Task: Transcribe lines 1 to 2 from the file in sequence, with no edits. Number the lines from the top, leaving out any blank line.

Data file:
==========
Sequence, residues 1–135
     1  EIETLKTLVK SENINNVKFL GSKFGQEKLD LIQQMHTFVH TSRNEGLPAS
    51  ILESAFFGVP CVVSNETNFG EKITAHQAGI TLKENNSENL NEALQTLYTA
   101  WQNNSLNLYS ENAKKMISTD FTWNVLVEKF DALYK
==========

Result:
Sequence, residues 1–135
     1  EIETLKTLVK SENINNVKFL GSKFGQEKLD LIQQMHTFVH TSRNEGLPAS